Species Focus: Curlew


Curlew chicks in damp grassland


Curlew on nest in upland pasture

Funded by
the National Parks and Wildlife Service, of the Department of Arts, Heritage and Gaeltacht


Breeding Curlew Survey 2016

The Curlew (Numenius arquata) is one of the most iconic birds of the rural Irish landscape. Its charismatic call (listen via links on the right), large greyish-brown body and long, down-curved bill make the Curlew an easily identifiable bird. Unfortunately, breeding Curlew populations in Ireland have declined massively in the past 20 years as a result of habitat loss, changes in land use and a host of other factors. As a result of this decline, Curlew are currently Red-listed in Ireland and represent one of countries highest conservation priorities.

It is worth noting that while large numbers of Curlew are present during the Irish winter, the majority of these birds do not breed in Ireland. These winter visitors come from the UK, Scandinavia and continental Europe to take advantage of our mild winter weather and return to their overseas breeding grounds come spring.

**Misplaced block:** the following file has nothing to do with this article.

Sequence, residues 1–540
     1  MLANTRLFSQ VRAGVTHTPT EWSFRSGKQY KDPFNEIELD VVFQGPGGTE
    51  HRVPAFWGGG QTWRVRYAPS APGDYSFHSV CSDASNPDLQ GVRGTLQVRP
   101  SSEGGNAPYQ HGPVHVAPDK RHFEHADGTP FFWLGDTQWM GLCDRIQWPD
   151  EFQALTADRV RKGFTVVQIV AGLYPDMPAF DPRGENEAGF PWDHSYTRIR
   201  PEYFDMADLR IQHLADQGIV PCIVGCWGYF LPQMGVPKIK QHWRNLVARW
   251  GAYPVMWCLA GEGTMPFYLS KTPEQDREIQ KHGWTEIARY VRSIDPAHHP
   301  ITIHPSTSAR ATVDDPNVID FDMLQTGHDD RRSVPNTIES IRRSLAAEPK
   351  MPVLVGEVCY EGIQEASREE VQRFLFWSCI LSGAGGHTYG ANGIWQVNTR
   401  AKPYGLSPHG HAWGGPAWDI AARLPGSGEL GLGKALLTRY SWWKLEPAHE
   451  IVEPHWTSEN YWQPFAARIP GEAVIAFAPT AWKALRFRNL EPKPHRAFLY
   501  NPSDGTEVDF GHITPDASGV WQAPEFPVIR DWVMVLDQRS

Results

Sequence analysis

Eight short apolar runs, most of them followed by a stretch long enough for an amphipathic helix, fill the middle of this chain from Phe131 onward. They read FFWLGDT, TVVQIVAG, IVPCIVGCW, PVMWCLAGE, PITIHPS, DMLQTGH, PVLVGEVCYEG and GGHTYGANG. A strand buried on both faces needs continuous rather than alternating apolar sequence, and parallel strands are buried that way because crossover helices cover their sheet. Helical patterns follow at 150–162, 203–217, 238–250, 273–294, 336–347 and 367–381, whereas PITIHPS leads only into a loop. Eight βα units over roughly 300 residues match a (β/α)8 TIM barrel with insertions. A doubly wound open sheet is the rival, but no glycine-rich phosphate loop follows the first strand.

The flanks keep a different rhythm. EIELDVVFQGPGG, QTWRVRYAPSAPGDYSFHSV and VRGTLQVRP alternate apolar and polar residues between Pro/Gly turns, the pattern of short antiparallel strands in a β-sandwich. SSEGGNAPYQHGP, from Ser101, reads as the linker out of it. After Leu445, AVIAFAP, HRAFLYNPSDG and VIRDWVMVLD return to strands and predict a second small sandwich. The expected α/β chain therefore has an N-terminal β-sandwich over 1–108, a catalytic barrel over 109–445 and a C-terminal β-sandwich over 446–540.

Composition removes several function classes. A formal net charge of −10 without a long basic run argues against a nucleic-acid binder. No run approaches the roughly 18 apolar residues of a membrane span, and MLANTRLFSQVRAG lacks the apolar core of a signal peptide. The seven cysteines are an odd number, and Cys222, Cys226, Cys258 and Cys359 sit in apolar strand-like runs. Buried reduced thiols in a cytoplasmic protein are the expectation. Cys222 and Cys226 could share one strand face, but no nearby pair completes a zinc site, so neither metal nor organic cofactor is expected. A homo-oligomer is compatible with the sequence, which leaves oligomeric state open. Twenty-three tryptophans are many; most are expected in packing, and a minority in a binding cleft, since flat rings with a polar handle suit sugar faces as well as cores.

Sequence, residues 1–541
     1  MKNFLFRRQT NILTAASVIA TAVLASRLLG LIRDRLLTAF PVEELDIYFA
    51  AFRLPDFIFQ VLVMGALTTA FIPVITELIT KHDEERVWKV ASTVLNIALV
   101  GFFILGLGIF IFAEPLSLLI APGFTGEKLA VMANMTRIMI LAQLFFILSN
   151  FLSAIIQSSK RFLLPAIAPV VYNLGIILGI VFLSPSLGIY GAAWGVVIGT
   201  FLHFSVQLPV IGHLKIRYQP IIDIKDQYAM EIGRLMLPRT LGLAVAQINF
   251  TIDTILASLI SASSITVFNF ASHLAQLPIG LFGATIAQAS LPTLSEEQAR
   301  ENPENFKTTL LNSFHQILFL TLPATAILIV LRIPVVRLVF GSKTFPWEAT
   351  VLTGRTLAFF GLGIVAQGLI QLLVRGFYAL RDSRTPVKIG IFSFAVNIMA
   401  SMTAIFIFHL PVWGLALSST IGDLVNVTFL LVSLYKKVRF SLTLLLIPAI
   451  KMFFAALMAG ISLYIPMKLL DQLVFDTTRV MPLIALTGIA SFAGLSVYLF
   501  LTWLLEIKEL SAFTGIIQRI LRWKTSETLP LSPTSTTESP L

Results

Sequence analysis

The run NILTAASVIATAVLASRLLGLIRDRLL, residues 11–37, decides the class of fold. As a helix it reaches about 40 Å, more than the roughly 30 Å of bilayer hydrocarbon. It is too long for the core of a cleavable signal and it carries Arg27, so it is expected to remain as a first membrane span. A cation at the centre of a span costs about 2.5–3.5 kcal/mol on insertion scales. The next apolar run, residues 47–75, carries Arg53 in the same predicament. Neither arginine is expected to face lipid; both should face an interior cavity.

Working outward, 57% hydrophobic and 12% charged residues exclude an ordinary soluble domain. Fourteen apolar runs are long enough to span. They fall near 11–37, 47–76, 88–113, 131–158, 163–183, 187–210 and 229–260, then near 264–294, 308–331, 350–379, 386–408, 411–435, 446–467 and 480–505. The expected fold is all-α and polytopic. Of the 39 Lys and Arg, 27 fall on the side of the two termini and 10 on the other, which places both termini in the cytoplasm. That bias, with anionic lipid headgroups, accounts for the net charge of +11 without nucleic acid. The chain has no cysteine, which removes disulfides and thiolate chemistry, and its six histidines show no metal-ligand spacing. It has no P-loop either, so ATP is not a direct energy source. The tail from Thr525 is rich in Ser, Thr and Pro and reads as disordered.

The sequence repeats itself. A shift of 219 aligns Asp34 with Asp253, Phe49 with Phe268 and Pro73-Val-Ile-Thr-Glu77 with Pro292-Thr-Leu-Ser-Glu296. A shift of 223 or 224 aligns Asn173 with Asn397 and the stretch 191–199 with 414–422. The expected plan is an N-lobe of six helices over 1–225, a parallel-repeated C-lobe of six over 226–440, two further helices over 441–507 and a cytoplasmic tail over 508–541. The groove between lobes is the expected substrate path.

BirdWatch Ireland is again appealing for sightings of breeding Curlew in 2016 as part of an NPWS funded Survey, running for the second year,  to help determine the number of breeding pairs in Ireland and identify important breeding site.

Curlew nest in damp, rushy pastures and on open mooreland. Using their long, down-curved bills they probe for food in soft, wet areas along ditches or shallow pools where their chicks can easily find insects to eat. When disturbed near a nest site, Curlew will remain in the area and fly (typically in circles) above the 'intruder' while giving loud alarm calls. 

Whether you see Curlew in suitable nesting habitat or observe obvious signs of breeding, we would like to hear from you. You can enter your Curlew sightings quickly and easily via SurveyMonkey.

If you would like more details on the Breeding Curlew Survey and how you can help further, please contact us here.

The 2016 Breeding Curlew Survey is commissioned and funded by the National Parks and Wildlife Service of the Department of Arts, Heritage and Gaeltacht.

Curlew in Crisis Workshop, 2016

BirdWatch Ireland, University College Dublin and Mary Colwell are organising a one-day workshop for experts and local community representatives to formulate ways to halt the extinction of the Curlew. The event will take place on 4th November at the New Forest Golf Club in Co. Westmeath. See the agenda below or see here for further details.

Curlew Calls

Listen to the alarm call given when parents have young here (Piotr Szcypinski, XC177329)

Listen to the flight call here (Marrku Ruuskanen, XC237203)

Displaying Curlew

Click the image below to see a video showing displaying and calling curlew, signs indicative of breeding.




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